Daily Rituals: Women at Work

Daily Rituals: Women at Work Review


More of Mason Currey's irresistible Daily Rituals, this time exploring the daily obstacles and rituals of women who are artists--painters, composers, sculptors, scientists, filmmakers, and performers. We see how these brilliant minds get to work, the choices they have to make: rebuffing convention, stealing (or secreting away) time from the pull of husbands, wives, children, obligations, in order to create their creations.


From those who are the masters of their craft (Eudora Welty, Lynn Fontanne, Penelope Fitzgerald, Marie Curie) to those who were recognized in a burst of acclaim (Lorraine Hansberry, Zadie Smith) . . . from Clara Schumann and Shirley Jackson, carving out small amounts of time from family life, to Isadora Duncan and Agnes Martin, rejecting the demands of domesticity, Currey shows us the large and small (and abiding) choices these women made--and continue to make--for their art: Isak Dinesen, "I promised the Devil my soul, and in return he promised me that everything I was going to experience would be turned into tales," Dinesen subsisting on oysters and Champagne but also amphetamines, which gave her the overdrive she required . . . And the rituals (daily and otherwise) that guide these artists: Isabel Allende starting a new book only on January 8th . . . Hilary Mantel taking a shower to combat writers' block ("I am the cleanest person I know") . . . Tallulah Bankhead coping with her three phobias (hating to go to bed, hating to get up, and hating to be alone), which, could she "mute them," would make her life "as slick as a sonnet, but as dull as ditch water" . . . Lillian Hellman chain-smoking three packs of cigarettes and drinking twenty cups of coffee a day--and, after milking the cow and cleaning the barn, writing out of "elation, depression, hope" ("That is the exact order. Hope sets in toward nightfall. That's when you tell yourself that you're going to be better the next time, so help you God.") . . . Diane Arbus, doing what "gnaws at" her . . . Colette, locked in her writing room by her first husband, Henry Gauthier-Villars (nom de plume: Willy) and not being "let out" until completing her daily quota (she wrote five pages a day and threw away the fifth). Colette later said, "A prison is one of the best workshops" . . . Jessye Norman disdaining routines or rituals of any kind, seeing them as "a crutch" . . . and Octavia Butler writing every day no matter what ("screw inspiration").
Germaine de Sta�l . . . Elizabeth Barrett Browning . . . George Eliot . . . Edith Wharton . . . Virginia Woolf . . . Edna Ferber . . . Doris Lessing . . . Pina Bausch . . . Frida Kahlo . . . Marguerite Duras . . . Helen Frankenthaler . . . Patti Smith, and 131 more--on their daily routines, superstitions, fears, eating (and drinking) habits, and other finely (and not so finely) calibrated rituals that help summon up willpower and self-discipline, keeping themselves afloat with optimism and fight, as they create (and avoid creating) their creations.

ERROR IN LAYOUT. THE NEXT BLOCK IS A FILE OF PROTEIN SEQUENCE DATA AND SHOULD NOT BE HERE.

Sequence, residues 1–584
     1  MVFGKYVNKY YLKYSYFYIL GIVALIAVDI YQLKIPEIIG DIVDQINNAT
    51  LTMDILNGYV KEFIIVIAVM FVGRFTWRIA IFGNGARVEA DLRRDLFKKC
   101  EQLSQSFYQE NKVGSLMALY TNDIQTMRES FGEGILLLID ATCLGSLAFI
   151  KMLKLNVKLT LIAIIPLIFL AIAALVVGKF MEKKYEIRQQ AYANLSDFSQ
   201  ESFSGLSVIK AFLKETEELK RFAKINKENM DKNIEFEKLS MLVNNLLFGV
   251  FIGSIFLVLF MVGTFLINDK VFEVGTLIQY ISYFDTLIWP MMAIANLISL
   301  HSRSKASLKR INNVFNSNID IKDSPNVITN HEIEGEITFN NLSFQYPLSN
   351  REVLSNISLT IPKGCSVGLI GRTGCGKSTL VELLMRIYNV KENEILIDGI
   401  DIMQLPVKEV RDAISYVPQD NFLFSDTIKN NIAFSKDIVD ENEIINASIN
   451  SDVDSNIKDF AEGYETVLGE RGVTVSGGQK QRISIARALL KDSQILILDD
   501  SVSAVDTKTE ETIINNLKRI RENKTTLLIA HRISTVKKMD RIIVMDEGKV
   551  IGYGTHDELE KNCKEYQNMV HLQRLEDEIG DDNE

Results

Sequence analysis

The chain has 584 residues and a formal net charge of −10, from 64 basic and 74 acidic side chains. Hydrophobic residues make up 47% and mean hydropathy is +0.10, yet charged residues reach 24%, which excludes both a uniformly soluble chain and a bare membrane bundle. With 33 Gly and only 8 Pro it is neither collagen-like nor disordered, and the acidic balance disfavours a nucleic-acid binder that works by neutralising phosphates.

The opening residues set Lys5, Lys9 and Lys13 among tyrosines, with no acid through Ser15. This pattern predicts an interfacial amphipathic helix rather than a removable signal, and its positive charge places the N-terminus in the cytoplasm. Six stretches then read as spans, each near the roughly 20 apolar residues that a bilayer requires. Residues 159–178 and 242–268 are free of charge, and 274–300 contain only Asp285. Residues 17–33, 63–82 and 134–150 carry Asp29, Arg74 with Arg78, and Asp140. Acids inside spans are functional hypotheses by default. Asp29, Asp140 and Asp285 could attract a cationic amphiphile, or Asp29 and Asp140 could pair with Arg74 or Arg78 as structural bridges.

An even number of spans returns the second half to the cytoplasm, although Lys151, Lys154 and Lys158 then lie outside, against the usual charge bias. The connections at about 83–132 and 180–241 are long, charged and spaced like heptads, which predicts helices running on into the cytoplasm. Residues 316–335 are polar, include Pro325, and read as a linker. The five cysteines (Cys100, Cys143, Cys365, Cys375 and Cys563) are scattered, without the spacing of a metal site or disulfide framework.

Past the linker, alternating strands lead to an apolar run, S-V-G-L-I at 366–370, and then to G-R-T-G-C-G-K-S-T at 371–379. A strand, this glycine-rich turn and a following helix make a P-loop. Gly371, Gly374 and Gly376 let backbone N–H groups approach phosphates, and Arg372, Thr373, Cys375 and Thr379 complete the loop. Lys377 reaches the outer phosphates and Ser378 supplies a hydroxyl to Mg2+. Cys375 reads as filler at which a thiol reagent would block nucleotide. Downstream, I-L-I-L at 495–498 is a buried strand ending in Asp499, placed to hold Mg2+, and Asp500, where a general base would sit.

Title:Daily Rituals: Women at Work
Edition Language:English

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    Daily Rituals: Women at Work Reviews

  • Kristen

    These little snippets are like crack to my soul. ...

  • Anna (lion_reads)

    This book had me compulsively reading the daily rituals of all these women — writers, artists, performers, dancers. I don't know what it is, but I find how people work absolutely fascinating. I also...

  • teresa

    What it covers in breadth of many different women artists it loses in anything other than a cursory overview of how each artist approaches work. I find the subject fascinating but yet I found myself b...

  • Karen

    Full Disclosure: I received an ARC (Advanced Release Copy) of this book.Mason Currey has written an interesting book full of vignettes on creative women. The book covered painters, sculptors, composer...

  • Audrianna Thompson

    I was raised by my mother, a creative soul and artist, and she was raised by her mother who is another creative soul and artist. While the three of us (and my younger sisters) share creative blood tha...

  • Hannah Notess

    Oof, so ... it's tough. I'm glad this book exists (admittedly, as a corrective to the writer's earlier book). Did I get what I needed and wanted from it? Absolutely not. Lots of interesting vignettes....

  • Kathleen

    In the essay "The Importance of Unread Books" Kevin Mims discusses 3 types of books in a person's collection: (1) books one has read and kept (2) books kept and unread for long periods of time---the J...

  • Sheila Guevin

    I loved this book.It is a snapshot look at 143 female artists, writers, photographers, actors and how they lived and created within their average day.The organization is by odd things like those that ...

  • Sarah Olson

    This book is beautiful in every way! A wonderful collection you'll want to keep on your desk or bedside table for daily reading. The organization allows you to open anywhere and read a few sections at...

  • Tucki Bailey

    Inspiring ...